Then I saw the sign appear.
Yes, the birds, whose nest-building, birth, nurturing, and growth I have chronicled on this blog have fled the nest. Mom's gone too. The nest is abandoned.
I watched the babies grow from little hungry beaks peeking up over the nest edge to big birds upon whose heads Mom sat at night. Then suddenly they were all gone.
As I mentioned to correspondent and all-around gentleman Mongo, I have no idea what kind of birds these were. Black with yellowish beaks. Growing up in the city, the only birds I ever saw were pigeons, gulls, mascots of baseball teams, and cartoon birds in children's books and on TV. Those cartoon birds always lived in nests all the time, or maybe a birdhouse, or a hole in a hollow tree. I had no idea as a child that when Mom defenestrated the children she, too, would become homeless.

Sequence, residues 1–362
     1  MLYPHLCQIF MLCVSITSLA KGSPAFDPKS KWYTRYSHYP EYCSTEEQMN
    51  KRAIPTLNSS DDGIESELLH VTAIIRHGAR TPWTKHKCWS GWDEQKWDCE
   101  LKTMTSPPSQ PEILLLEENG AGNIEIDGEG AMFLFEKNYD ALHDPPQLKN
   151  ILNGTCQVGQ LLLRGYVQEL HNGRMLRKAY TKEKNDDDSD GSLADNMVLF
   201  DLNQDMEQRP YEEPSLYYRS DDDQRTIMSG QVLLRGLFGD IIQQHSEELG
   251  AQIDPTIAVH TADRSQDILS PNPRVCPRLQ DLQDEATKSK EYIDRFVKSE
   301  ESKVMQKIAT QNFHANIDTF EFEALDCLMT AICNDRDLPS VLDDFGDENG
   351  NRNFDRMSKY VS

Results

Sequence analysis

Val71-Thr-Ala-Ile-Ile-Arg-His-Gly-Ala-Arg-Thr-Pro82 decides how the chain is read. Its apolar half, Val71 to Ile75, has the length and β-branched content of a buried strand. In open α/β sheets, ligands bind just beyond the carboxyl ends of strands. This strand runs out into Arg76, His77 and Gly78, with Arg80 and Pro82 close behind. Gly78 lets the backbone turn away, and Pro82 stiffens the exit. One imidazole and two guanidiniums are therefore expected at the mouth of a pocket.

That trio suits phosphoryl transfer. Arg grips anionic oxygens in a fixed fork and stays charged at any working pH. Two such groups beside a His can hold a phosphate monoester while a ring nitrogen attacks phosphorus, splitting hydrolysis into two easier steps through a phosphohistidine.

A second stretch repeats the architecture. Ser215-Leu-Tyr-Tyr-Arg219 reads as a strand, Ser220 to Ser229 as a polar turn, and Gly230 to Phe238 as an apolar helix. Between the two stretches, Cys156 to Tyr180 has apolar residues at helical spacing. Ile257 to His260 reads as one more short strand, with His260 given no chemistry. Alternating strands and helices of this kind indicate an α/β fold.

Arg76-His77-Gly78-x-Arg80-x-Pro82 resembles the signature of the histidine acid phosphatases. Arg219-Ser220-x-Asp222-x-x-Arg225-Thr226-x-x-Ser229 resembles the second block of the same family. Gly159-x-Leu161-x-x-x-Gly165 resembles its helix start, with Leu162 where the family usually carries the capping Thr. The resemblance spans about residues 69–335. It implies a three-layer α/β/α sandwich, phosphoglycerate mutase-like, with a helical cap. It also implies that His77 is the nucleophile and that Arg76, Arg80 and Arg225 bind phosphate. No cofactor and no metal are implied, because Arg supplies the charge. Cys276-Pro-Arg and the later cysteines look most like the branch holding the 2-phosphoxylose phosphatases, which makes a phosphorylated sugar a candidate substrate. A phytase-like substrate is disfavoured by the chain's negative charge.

But it makes sense. As George Carlin said, "That's all your house is---a place to keep your stuff. If you didn't have so much stuff, you wouldn't need a house. You could just walk around all the time." And birds ain't got no stuff.
Well, sign notwithstanding, I figured the birds wouldn't be coming back, so I got rid of the nest. There were no handy kids around who needed a science project, so I just pitched it.
I hope the birds make out okay. Yesterday evening, as the wife and I sat outside, enjoying the gorgeous weather, we saw four tiny black birds hectoring what we think (like I should know?) was a red-tailed hawk. That hawk was determined to go after what those four black birds did not want him to go after. They circled around and around for quite some time. Last I saw three of the black birds had peeled off, and the last one was following the hawk down into the trees. I have a feeling the hawk won.
It's a dangerous world out there in nature. Maybe the black birds should think about constructing something a little more solid, something a little more sheltering. Maybe out of bricks.